Rise Of Adolf Hitler Essay

Rise Of Adolf Hitler Essay-66
Before the onset of the Great Depression in Germany in 1929–1930, the National Socialist German Workers' Party (or Nazi Party for short) was a small party on the radical right of the German political spectrum.In the (parliament) elections of May 2, 1928, the Nazis received only 2.6 percent of the national vote, a proportionate decline from 1924, when the Nazis received 3 percent of the vote.Pensioners all over Germany were told that both the amounts and the buying power of their monthly checks would remain stable.

Before the onset of the Great Depression in Germany in 1929–1930, the National Socialist German Workers' Party (or Nazi Party for short) was a small party on the radical right of the German political spectrum.

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For two years, repeatedly resorting to Article 48 to issue presidential decrees, the Bruening government sought and failed to build a parliamentary majority that would exclude Social Democrats, Communists, and Nazis.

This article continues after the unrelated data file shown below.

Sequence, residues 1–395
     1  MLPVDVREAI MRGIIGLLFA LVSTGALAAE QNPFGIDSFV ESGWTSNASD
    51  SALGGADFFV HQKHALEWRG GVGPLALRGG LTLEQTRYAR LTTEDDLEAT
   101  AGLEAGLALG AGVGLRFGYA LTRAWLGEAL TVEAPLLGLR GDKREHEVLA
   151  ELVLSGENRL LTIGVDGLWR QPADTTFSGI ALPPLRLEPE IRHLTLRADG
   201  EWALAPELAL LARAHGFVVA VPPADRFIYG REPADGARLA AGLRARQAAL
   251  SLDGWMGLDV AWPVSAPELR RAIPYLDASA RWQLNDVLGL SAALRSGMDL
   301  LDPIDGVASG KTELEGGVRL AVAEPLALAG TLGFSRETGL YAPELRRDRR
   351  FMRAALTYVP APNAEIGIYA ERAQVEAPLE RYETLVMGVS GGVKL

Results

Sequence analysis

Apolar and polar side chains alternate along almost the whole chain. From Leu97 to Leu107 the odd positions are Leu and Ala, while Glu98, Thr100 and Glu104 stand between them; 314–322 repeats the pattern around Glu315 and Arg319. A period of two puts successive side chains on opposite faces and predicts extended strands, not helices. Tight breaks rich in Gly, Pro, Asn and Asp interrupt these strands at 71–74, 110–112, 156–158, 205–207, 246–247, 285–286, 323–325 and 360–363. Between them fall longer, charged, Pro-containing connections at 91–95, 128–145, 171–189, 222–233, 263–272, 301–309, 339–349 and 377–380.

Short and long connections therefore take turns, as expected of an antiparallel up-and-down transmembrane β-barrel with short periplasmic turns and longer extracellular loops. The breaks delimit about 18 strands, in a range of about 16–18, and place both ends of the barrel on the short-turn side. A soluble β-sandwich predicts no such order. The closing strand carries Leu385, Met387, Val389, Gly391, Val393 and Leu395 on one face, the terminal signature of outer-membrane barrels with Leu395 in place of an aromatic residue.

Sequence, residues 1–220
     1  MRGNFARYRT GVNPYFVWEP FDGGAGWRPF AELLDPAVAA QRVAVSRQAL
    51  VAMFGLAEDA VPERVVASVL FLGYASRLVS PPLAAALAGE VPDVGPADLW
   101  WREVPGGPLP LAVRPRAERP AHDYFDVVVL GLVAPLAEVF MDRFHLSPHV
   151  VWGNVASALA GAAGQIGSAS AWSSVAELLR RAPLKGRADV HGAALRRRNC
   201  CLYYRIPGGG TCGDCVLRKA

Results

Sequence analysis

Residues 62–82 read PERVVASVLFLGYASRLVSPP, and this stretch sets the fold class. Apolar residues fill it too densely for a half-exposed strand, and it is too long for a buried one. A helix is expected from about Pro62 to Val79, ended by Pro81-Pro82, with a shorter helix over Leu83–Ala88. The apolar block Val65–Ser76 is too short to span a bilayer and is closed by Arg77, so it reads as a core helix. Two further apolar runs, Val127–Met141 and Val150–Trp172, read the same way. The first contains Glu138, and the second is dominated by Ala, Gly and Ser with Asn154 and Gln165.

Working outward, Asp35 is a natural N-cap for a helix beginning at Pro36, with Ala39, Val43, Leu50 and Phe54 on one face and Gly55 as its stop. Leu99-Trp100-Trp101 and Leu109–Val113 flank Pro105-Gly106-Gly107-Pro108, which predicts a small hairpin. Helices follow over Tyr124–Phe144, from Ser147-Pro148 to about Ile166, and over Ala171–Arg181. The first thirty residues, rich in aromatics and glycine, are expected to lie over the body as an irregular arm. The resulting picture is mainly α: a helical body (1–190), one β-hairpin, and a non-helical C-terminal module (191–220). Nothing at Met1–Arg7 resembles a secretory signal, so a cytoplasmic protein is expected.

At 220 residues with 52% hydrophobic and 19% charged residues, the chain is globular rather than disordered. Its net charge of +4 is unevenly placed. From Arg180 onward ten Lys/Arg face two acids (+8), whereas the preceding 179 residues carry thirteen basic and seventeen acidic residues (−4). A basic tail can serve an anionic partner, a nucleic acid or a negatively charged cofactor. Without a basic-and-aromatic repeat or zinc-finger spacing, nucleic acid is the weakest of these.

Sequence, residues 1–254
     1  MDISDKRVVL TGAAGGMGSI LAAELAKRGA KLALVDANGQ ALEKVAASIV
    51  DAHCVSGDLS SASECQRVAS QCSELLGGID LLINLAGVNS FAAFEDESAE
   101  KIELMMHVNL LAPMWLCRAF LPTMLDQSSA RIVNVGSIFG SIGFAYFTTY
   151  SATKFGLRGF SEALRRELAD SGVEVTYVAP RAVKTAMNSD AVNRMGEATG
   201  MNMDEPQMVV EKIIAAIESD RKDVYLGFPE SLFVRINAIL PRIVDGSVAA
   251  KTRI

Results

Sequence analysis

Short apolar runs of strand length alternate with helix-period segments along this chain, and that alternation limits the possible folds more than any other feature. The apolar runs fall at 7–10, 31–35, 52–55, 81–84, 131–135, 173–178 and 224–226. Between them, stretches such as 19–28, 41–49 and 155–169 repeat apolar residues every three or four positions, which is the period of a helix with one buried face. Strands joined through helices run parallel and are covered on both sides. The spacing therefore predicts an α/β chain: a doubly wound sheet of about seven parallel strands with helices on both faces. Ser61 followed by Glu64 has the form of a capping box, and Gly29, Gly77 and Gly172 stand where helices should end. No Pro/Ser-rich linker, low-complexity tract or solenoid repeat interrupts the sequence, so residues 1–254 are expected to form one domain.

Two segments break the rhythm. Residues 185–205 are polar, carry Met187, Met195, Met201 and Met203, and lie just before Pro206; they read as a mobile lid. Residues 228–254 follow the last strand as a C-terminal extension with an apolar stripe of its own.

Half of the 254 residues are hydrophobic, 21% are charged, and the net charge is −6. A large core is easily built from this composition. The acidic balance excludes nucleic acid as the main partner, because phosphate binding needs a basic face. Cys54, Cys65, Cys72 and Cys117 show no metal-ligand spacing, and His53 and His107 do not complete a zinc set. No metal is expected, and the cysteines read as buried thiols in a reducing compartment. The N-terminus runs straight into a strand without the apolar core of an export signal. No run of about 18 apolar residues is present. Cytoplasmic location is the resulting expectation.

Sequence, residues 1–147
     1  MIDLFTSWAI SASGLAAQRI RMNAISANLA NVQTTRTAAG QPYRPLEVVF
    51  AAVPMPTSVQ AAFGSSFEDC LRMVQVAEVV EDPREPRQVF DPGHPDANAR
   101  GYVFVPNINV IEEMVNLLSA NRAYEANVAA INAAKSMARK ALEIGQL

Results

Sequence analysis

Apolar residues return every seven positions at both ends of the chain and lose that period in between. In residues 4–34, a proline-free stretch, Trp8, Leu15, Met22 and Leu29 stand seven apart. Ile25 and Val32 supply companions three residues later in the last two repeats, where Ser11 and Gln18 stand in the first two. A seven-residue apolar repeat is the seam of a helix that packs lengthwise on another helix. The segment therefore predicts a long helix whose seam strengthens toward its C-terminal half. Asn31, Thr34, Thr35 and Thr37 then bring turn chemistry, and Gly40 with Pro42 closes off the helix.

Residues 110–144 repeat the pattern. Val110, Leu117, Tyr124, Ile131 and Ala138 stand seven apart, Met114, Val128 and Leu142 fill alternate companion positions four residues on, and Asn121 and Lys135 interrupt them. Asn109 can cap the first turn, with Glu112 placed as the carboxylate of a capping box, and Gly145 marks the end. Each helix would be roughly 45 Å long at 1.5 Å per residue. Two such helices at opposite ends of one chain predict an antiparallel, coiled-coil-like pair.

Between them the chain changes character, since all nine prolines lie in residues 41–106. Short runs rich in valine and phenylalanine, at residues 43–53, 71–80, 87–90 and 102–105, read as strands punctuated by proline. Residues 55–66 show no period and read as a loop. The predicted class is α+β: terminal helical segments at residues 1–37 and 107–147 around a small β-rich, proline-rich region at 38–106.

In 1932, Hindenburg dismissed Bruening and appointed Franz von Papen, a former diplomat and Center party politician, as chancellor.

The Communists, however gained votes, winning 16.9 percent.

As a result, the small circle around President Hindenburg came to believe, by the end of 1932, that the Nazi party was Germany's only hope to forestall political chaos ending in a Communist takeover.

When addressed to soldiers, veterans, or other nationalist interest groups, Nazi propaganda emphasized military buildup and return of other territories lost after Versailles.

Nazi speakers assured farmers in the northern state of Schleswig-Holstein that a Nazi government would prop up falling agricultural prices.

As a result of the election, a "Grand Coalition" of Germany's Social Democratic, Catholic Center, German Democratic, and German People's parties governed Weimar Germany into the first six months of the economic downturn. The worldwide economic depression had hit the country hard, and millions of people were out of work.

The unemployed were joined by millions of others who linked the Depression to Germany's national humiliation after defeat in World War 1.

As a result, more than half the deputies in the 1932 Reichstag had publicly committed themselves to ending parliamentary democracy.

When Papen was unable to obtain a parliamentary majority to govern, his opponents among President Hindenburg's advisers forced him to resign.

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